Grant Bradley

Aviation, tourism and energy writer for the Business Herald

'Business as usual' at Waihi gold mines

A 'gold pour' at Newmont Waihi Gold. Photo / APN
A 'gold pour' at Newmont Waihi Gold. Photo / APN

Newmont says it's "business as usual" at its Waihi gold mines in spite of falling gold prices forcing this country's other big miner to cut back production and lay off staff.

While OceanaGold's is scaling back at its Macraes site in East Otago, Newmont Waihi Gold spokesman Kit Wilson says it is continuing its exploratory work on massive underground Correnso mine and staff numbers were stable at around 385.

"We can't control the gold price. Like any prudent business we're keeping a close eye on our input costs but currently it's business as usual for us," he said.

Denver headquartered Newmont is one of the largest gold producers in the world with about 40,000 employees.

Wilson said at Waihi it had three mines operating: the Martha open pit, its underground Trio mine and had started starting the exploration and development drive of the controversial Corennso project under houses in the east of the Coromandel town.

Permission for the project was granted in October last year and the 5m by 5m exploratory tunnel was started just before Christmas.

It was not known how long it would be before mining could start.

"The exploration drive runs parallel to the ore body as we know it and we're putting a series of small drill cuddies off it to allow us to fully investigate the size and shape of the ore body," said Wilson.

"As we've learned from previous experience the ore bodies here tend to be quite variable."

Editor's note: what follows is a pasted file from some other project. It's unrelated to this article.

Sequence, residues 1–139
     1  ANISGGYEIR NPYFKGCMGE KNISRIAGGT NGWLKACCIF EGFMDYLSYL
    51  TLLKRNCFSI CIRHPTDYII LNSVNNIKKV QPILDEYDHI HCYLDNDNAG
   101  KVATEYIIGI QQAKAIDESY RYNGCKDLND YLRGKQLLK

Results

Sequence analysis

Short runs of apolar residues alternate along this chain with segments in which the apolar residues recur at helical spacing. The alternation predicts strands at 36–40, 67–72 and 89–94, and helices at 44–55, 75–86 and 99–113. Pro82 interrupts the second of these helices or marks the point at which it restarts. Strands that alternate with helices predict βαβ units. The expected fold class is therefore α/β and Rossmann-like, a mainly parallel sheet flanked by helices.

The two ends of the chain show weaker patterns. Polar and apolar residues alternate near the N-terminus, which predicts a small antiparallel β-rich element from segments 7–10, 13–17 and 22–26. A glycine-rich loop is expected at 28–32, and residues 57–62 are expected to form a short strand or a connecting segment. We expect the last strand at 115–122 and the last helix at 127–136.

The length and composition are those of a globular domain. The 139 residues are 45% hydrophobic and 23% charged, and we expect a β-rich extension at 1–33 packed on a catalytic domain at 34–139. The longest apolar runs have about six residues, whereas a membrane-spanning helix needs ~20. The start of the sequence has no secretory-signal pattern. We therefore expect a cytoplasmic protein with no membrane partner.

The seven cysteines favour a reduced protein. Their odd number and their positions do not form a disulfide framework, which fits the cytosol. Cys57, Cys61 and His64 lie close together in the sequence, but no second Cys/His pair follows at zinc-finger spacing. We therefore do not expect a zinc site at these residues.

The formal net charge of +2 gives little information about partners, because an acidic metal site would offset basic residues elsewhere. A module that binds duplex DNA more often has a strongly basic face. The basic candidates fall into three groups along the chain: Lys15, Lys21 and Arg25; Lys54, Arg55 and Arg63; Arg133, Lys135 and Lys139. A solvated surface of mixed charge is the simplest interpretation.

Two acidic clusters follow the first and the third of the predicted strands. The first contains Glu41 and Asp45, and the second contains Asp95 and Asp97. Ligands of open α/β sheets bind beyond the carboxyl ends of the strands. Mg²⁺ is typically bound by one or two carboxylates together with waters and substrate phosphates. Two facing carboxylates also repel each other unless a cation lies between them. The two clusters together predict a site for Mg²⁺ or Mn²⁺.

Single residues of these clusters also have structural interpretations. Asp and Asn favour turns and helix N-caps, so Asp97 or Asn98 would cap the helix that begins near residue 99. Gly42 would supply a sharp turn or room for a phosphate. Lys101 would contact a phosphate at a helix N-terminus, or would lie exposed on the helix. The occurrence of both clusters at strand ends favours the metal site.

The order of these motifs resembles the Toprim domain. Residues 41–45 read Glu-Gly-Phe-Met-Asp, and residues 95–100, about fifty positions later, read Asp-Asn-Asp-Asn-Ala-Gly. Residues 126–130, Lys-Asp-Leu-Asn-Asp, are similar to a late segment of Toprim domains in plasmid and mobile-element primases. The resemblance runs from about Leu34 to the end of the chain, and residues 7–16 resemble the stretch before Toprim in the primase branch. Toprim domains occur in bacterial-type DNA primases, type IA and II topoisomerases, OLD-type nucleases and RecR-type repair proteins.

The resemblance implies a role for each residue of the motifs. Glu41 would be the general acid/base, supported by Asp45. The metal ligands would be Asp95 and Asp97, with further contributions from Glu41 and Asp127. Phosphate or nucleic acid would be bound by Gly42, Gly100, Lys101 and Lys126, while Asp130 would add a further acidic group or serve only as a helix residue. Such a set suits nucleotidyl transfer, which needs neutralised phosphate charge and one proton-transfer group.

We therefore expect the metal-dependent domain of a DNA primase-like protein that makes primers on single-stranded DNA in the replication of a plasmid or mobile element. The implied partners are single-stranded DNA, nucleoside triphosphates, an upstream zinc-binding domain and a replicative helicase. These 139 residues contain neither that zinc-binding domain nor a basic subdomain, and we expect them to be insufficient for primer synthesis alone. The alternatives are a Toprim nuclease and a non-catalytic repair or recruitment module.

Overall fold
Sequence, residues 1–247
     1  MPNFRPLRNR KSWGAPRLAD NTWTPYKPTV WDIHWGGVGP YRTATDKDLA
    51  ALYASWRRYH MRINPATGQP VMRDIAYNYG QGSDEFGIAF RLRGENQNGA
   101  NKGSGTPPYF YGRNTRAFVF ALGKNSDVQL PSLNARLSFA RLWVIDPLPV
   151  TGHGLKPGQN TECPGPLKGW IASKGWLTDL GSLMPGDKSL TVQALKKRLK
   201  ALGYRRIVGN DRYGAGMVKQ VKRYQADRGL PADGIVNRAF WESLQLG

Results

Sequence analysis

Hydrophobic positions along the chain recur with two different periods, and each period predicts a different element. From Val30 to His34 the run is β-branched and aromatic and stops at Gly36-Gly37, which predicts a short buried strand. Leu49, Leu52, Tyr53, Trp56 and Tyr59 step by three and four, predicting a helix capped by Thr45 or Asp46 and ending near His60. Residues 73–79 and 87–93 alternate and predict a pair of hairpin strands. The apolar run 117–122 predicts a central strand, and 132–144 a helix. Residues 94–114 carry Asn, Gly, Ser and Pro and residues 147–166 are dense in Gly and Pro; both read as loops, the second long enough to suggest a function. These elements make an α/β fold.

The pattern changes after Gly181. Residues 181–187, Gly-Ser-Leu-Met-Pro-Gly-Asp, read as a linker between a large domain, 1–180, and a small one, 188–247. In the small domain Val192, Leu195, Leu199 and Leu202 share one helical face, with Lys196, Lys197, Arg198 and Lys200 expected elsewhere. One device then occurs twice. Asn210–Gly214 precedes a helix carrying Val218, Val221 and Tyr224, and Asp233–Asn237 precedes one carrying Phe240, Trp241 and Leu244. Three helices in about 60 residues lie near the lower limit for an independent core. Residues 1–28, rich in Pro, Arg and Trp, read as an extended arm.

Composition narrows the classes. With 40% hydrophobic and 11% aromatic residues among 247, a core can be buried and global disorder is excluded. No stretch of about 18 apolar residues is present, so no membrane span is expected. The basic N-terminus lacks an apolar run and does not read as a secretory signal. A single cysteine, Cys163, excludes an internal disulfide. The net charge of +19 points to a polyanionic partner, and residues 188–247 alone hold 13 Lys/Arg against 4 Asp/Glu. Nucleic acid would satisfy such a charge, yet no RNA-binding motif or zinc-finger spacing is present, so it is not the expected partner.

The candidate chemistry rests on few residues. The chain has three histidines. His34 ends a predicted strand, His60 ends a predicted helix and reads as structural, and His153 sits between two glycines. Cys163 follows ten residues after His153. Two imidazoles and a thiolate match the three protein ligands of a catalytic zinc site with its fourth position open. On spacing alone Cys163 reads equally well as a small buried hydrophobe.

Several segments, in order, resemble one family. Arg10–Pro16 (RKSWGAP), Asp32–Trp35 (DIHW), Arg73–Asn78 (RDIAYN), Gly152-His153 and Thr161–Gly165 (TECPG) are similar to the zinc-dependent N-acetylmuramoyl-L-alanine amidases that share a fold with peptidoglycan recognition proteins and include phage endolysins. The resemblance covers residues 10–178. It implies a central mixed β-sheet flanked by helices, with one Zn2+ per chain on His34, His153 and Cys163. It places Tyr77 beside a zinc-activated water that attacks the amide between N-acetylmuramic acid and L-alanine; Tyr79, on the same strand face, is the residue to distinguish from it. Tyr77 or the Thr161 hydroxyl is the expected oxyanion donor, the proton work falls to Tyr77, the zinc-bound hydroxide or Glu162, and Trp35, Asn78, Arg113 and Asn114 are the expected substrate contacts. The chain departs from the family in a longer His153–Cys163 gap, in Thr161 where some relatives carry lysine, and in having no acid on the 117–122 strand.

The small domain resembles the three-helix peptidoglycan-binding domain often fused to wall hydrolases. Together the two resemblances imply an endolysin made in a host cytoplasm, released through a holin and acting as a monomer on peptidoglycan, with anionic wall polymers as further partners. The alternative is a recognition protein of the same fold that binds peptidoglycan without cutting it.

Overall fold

The new mine has upset some residents concerned about blasting work under their homes and strict conditions have been imposed.

As part of permission for production blasting, the company must offer to buy the affected property at market value or, if the owner prefers, make an ex gratia payment equal to 5 per cent of its value.

If a property owner elects to sell at market value they will also get an "inconvenience payment" and help with legal and moving costs.

Gold hit record highs of around US$1900 an ounce in August 2011 but is now trading around $1225 an ounce. While the high New Zealand dollar generally hurts the returns from exported gold, miners do get some relief for imported fuel and materials used for building mines such as steel.

Wilson said Newmont was more concerned about the three year average gold price when planning new developments.

"When you're planning a gold mine which is going to to take 10 years to get up and running it's the rolling average that's more important than the gold price on any given day. But I think it's fair to say like every gold mining company in the world we are looking very closely at the gold price."

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